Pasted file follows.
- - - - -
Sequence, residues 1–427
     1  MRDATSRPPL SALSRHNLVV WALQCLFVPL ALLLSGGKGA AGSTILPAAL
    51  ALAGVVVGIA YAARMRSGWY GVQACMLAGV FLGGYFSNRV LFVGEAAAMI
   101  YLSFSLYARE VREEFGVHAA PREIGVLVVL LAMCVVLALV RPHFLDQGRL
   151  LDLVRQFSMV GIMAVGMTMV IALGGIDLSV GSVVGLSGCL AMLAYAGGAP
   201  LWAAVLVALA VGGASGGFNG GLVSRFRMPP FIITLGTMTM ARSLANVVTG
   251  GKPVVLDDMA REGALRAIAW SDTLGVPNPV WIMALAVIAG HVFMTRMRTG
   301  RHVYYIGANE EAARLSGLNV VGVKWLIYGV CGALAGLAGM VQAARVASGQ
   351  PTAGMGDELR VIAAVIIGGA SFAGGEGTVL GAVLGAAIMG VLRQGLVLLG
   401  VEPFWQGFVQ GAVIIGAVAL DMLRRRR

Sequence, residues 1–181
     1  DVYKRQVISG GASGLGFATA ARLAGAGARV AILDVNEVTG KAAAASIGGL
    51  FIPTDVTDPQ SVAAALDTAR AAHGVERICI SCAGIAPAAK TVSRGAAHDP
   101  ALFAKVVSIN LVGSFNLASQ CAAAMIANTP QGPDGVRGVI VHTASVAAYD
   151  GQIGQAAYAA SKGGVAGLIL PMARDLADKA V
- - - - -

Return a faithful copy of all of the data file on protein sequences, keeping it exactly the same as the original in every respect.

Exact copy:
Sequence, residues 1–427
     1  MRDATSRPPL SALSRHNLVV WALQCLFVPL ALLLSGGKGA AGSTILPAAL
    51  ALAGVVVGIA YAARMRSGWY GVQACMLAGV FLGGYFSNRV LFVGEAAAMI
   101  YLSFSLYARE VREEFGVHAA PREIGVLVVL LAMCVVLALV RPHFLDQGRL
   151  LDLVRQFSMV GIMAVGMTMV IALGGIDLSV GSVVGLSGCL AMLAYAGGAP
   201  LWAAVLVALA VGGASGGFNG GLVSRFRMPP FIITLGTMTM ARSLANVVTG
   251  GKPVVLDDMA REGALRAIAW SDTLGVPNPV WIMALAVIAG HVFMTRMRTG
   301  RHVYYIGANE EAARLSGLNV VGVKWLIYGV CGALAGLAGM VQAARVASGQ
   351  PTAGMGDELR VIAAVIIGGA SFAGGEGTVL GAVLGAAIMG VLRQGLVLLG
   401  VEPFWQGFVQ GAVIIGAVAL DMLRRRR

Sequence, residues 1–181
     1  DVYKRQVISG GASGLGFATA ARLAGAGARV AILDVNEVTG KAAAASIGGL
    51  FIPTDVTDPQ SVAAALDTAR AAHGVERICI SCAGIAPAAK TVSRGAAHDP
   101  ALFAKVVSIN LVGSFNLASQ CAAAMIANTP QGPDGVRGVI VHTASVAAYD
   151  GQIGQAAYAA SKGGVAGLIL PMARDLADKA V